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Paradise Lost: California's Experience, America's Future

Paradise Lost: California's Experience, America's Future
Author: Peter Schrag
ISBN 13: 9780520243873
ISBN 10: 520243870
Edition: First Edition, Updated wi
Publisher: University of California Press
Publication Date: 2004-08-16
Format: Paperback
Pages: 370
List Price: $30.95

For much of the past century California was the envy of the continent, not just for what nature had made but for what civil society had created: speedy freeways, well-supported schools, the world's best public university system, public works that made the desert bloom. Not any more. California's public works and social services are crumbling, and public education has plunged from the top to near-bottom in nationwide measures. How could the American dream go so wrong so fast? Originally published in 1998, Peter Schrag's view of California seems as applicable as ever.
In his new preface to the 2004 edition, Schrag updates the California scene and considers the fallout from such political earthquakes as the 2003 recall election.

Publishers Weekly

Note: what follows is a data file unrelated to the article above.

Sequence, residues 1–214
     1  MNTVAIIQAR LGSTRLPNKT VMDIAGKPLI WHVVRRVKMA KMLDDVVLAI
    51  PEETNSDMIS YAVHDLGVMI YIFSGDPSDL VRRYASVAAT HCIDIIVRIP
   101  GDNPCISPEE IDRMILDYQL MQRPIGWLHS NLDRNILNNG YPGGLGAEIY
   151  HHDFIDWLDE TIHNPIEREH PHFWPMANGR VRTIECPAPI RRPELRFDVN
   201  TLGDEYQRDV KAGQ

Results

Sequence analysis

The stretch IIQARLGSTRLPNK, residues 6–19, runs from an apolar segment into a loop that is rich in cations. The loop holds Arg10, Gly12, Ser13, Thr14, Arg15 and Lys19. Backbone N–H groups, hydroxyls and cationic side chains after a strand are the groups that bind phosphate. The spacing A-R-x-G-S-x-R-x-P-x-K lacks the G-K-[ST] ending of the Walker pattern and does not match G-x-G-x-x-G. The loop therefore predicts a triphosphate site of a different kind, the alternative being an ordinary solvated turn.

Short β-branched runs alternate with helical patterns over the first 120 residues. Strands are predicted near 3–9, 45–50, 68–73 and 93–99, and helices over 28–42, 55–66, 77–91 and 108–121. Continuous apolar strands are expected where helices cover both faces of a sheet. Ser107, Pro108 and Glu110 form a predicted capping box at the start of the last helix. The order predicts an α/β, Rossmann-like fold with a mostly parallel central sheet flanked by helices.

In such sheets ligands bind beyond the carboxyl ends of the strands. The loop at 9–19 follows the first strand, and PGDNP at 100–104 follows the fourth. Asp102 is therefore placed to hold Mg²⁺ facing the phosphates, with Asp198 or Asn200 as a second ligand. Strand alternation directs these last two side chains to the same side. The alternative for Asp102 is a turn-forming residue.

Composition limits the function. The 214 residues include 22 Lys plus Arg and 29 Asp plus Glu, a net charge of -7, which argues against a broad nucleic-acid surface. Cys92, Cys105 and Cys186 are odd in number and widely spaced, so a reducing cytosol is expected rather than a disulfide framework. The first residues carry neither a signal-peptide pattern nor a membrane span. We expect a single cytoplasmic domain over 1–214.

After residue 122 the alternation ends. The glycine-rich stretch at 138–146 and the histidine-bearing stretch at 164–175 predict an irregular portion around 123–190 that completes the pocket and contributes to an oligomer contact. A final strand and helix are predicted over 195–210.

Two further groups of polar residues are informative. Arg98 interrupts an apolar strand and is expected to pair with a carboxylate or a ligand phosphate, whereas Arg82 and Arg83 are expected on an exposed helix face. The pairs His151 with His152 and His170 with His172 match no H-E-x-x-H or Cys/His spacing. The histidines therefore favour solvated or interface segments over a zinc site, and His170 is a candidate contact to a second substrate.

California once ranked among the top 10 states in annual per-pupil spending, but over the past 30 years its ranking plummeted to 41st. In this compelling overview of the state's postwar history, Schrag (Mind Control) chronicles the Golden State's descent from "both model and magnet for the nationin its economic opportunities, its social outlook, and its high-quality public services" to a place of ethnic unrest, unraveling communities and dwindling social services. Schrag heaps particular criticism on California's unruly initiative-driven political system, whose "Byzantine intricacy" perpetuates public disaffection and alienation. The turning point, Schrag contends, was Proposition 13, a people's initiative passed in 1978 in response to wildly escalating property taxes, which "set the stage for the entire Reagan era, and became both fact and symbol of a radical shift in governmental priorities, public attitudes, and social relationships that is as nearly fundamental in American politics as the changes brought by the New Deal." Cogently argued and meticulously researched, Schrag's "urgent cautionary tale" is, if not dispassionate, astonishingly clear in its explanation of how California arrived at its present situation, how it will affect (and indeed has affected) the rest of the country and how it may yet climb back up to more community-driven, dynamic and munificent political terrain.